2001 - Ravens, Trent Dilfer - 39 DYAR, 39 DVOA ... Defense: 2
2002 - Patriots, Tom Brady - 13 DYAR, 12 DVOA ... Defense: 13
2003 - Bucs, Brad Johnson - 10 DYAR, 11 DVOA ... Defense: 1
2004 - Patriots, Tom Brady - 9 DYAR, 11 DVOA ... Defense: 2
2005 - Patriots, Tom Brady - 4 DYAR, 4 DVOA ... Defense: 8
2006 - Steelers, Big Ben - 7 DYAR, 2 DVOA ... Defense: 4
2007 - Colts, Peyton Manning - 1 DYAR, 1 DVOA ... Defense: 24
2008 - Giants, Eli Manning - 40 DYAR, 34 DVOA ... Defense: 11
2009 - Steelers, Big Ben - 26 DYAR, 27 DVOA ... Defense: 1
2010 - Saints, Drew Brees - 2 DYAR, 3 DVOA ... Defense: 23
2011 - Packers, Aaron Rodgers - 4 DYAR, 4 DVOA ... Defense: 2
2012 - Giants, Eli Manning - 8 DYAR, 9 DVOA - Defense: 22

Now, SB wins aren't the only way to measure effectiveness of this model. The playoffs, just like in most sports except the NBA, are a crapshoot to an extent thanks to the one game elimination format. But look around the NFL and it's obvious the teams with the best QBs are the more successful teams. Current examples are the Packers - Rodgers, Broncos - Manning, Patriots - Brady, etc.

Only 3 of these SB QBs weren't among the top QBs in the league at the time of the SB win. Of those 3, only 1 wasn't a proven franchise QB that was capable of playing at a high level (Dilfer in 2000). 2 of those teams had a top 2 defense to help them win. Clearly, this data shows the QB position is important and a team designed after Model 1 understands that. A great defense certainly helps too, as shown in the data, but it isn't easy to win a championship in spite of having a very good QB. That's the exception to the rule, and it's also known as Model 2.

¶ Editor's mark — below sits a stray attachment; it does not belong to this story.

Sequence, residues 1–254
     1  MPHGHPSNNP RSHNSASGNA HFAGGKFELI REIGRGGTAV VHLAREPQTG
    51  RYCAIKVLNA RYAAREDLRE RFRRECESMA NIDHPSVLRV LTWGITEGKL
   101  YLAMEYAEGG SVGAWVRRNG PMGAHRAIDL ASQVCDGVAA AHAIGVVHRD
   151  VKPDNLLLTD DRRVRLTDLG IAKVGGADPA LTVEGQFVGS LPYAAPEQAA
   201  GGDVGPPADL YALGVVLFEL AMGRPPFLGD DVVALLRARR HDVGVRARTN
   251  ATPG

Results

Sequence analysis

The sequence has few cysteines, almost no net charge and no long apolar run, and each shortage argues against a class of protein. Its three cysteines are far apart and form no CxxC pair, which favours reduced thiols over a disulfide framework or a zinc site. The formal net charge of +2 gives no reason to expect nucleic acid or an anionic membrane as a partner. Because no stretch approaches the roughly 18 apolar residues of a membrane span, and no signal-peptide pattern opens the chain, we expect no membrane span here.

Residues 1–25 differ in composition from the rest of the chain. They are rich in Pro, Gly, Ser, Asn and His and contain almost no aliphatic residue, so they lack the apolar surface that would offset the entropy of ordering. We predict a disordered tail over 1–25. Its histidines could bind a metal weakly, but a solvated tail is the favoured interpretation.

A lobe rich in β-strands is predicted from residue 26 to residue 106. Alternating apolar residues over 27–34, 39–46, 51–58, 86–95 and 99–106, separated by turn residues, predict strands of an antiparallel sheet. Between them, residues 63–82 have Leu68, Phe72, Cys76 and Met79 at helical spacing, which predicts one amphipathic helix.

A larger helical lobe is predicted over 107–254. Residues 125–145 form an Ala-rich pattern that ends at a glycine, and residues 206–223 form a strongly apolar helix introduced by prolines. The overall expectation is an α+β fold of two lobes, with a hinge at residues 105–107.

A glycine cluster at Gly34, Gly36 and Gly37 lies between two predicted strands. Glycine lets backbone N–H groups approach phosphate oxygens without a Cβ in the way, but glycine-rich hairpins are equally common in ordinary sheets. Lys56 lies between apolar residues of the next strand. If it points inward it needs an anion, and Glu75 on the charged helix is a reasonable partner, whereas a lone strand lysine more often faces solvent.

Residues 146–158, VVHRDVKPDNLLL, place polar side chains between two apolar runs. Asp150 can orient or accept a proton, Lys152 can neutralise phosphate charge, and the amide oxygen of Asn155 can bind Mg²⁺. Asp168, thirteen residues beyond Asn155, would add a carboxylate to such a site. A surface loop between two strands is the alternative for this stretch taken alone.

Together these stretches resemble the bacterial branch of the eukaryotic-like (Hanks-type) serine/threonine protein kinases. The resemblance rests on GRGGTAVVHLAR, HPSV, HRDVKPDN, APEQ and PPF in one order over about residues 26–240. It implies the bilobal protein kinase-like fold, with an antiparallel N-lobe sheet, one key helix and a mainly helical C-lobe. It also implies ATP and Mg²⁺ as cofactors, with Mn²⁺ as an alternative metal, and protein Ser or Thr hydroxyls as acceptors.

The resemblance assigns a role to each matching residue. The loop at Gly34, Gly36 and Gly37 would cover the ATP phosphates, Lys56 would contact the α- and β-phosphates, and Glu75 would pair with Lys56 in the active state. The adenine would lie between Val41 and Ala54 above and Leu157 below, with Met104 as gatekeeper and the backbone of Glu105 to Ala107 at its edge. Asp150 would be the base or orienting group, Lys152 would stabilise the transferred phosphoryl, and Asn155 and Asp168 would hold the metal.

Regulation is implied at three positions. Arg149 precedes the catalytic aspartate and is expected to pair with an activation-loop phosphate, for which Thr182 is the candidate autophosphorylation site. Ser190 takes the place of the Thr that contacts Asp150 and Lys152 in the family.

Before I get into Model 2, allow me to offer a cross-sport analogy: In the NBA, teams don't win championships without having at least one superstar. A team without a superstar is more often than not mediocre at best: look at the Sixers since Allen Iverson left. The exception to this rule is a team like the 2004 Detroit Pistons, but it's exactly that: an exception. The comparison to the NFL is similar except replace "superstar" with "very good QB".

Model 2

Model 2 exists as the exception to the more succesful Model 1. This model lacks a very good QB but features an ELITE defense and a vaunted rushing attack. Some examples of this model were already shown in the SB data above. The 2000 Ravens are a perfect example. They completely lacked a QB but had a top 2 defense and a very, very strong rushing attack (~2200 yards rushing, largely in part due to Jamal Lewis and Priest Holmes). The concern here is that 2000 was a long time ago now and it's a different styled NFL. A more current example is the Chicago Bears who have the 1 DVOA defense but QB Jay Cutler is only 28 in DYAR + DVOA.